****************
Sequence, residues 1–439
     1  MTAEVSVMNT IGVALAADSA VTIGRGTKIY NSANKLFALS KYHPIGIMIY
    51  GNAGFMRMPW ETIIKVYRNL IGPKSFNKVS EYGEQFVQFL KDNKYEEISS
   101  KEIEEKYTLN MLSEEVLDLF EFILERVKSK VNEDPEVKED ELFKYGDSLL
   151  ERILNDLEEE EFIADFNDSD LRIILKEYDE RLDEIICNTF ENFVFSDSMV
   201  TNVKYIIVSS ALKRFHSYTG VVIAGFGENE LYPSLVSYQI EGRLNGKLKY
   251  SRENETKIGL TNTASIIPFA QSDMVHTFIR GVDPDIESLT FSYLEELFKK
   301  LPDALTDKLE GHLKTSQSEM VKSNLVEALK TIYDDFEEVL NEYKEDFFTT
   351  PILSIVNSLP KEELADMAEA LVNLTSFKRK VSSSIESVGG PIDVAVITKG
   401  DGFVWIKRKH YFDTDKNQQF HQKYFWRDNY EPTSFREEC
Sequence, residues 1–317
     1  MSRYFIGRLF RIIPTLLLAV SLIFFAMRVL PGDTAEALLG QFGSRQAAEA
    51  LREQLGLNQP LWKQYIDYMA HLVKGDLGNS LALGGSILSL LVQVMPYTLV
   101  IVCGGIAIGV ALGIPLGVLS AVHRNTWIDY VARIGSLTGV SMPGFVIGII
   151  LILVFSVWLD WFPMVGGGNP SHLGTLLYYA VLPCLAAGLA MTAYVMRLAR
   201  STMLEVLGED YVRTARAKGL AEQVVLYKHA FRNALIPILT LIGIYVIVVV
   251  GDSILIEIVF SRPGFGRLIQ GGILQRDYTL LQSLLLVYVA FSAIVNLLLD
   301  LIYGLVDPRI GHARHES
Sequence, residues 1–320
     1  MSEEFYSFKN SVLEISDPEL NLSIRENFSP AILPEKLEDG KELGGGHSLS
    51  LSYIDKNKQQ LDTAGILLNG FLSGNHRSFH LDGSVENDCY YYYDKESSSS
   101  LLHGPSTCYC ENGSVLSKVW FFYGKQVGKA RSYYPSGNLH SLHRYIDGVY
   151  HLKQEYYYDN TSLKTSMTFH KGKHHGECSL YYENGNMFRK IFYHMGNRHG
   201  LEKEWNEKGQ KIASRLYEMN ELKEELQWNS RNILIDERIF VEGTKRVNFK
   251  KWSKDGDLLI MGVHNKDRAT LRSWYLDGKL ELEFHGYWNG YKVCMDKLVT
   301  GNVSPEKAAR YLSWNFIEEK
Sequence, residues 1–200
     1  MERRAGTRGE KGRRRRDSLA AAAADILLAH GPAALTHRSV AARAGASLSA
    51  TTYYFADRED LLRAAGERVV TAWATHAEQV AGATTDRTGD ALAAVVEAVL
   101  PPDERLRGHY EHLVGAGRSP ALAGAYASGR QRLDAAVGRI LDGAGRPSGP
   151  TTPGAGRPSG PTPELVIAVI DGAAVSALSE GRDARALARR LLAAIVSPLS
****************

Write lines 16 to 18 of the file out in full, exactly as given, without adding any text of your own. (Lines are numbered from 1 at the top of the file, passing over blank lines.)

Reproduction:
   201  STMLEVLGED YVRTARAKGL AEQVVLYKHA FRNALIPILT LIGIYVIVVV
   251  GDSILIEIVF SRPGFGRLIQ GGILQRDYTL LQSLLLVYVA FSAIVNLLLD
   301  LIYGLVDPRI GHARHES